The goal of the project is to support young people gain different perspectives/inspiration/knowledge about human rights and related topics, such as social inclusion, participation, and diversity, to change attitudes and create inclusive social platforms for young people with the help of art, especially theatre, cinema, and music.

The direct beneficiaries of the project are: 

  • General public of Luxembourg but taking into consideration the places where the performances will take place the target can be more specific. For example: the performance in front of the Forum Geesseknäppchen (Forum Campus Geesseknäppchen) during the lunch break of the lycees will target the young people/students of the lycees; the performance in front of the Belval Plaza (Esch-sur-Alzette) will target students and the stuff of the university; the performances in front of the Gare Central and in Kirchberg will target wider representatives of the society. 
  • young people coming from EU different countries through the European Solidarity Corps (project is approved for 10 volunteers),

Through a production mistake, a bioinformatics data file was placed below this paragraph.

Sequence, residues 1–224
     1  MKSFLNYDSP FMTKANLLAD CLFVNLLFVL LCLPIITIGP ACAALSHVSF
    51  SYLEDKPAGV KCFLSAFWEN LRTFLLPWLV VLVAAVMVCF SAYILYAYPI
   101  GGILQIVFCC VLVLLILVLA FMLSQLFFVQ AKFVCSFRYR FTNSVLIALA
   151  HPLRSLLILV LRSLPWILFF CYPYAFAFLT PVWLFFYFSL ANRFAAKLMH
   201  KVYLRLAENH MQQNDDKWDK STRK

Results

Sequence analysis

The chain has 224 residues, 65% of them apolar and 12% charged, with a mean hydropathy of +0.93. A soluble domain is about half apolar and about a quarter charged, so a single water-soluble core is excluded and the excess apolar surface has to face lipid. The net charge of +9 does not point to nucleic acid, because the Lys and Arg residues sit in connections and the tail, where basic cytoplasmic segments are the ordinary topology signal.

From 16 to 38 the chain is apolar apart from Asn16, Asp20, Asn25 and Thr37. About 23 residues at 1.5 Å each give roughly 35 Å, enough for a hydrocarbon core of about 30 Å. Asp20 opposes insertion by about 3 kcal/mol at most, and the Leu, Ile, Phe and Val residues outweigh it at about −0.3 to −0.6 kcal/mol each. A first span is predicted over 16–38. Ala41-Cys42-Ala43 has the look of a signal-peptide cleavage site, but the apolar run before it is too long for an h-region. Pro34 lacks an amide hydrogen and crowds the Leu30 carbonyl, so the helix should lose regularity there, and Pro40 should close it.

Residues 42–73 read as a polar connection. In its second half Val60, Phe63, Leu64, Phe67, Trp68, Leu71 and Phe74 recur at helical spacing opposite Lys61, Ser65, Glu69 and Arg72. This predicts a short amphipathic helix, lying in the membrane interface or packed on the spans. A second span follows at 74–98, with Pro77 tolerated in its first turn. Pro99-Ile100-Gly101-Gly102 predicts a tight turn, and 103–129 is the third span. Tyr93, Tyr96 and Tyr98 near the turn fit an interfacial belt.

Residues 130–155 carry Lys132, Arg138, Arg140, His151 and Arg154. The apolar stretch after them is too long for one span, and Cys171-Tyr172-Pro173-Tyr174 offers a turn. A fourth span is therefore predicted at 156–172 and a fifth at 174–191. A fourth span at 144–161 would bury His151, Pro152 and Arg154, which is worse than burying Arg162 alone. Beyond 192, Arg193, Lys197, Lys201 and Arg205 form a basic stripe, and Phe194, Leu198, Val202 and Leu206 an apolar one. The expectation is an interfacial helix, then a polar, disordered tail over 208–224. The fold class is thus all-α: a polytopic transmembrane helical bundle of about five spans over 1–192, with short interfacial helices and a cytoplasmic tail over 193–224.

• The group of young people (artists, representatives of the social minorities, refugees) that will be involved in the artistic team of the project.

The indirect beneficiaries of the project are:

  •  the families of the participants and visitors of the Final performances and Exhibition. By free artistic expressions the participants will change the way people see refugees and accept them into community life. It will allow the visitors to see the difficulties and obstacles the refugees face due to their ethnicity or religious belonging during their everyday life. 

Creative activities and self-expression can so often seem off-limits to many people – and this includes the world of theatre equally. At the same time, traditional and not traditional theatre (immersive theatre or interactive theatre) is being used extensively in non-formal education for promotion of human rights. Human rights practitioners prove that theatre is used as a powerful tool in human rights work and theatre exercises and tools have been particularly useful for groups and communities that are looking to solve their problems. Yet, despite this, young refugees are usually limited in their possibilities to use this powerful tool.

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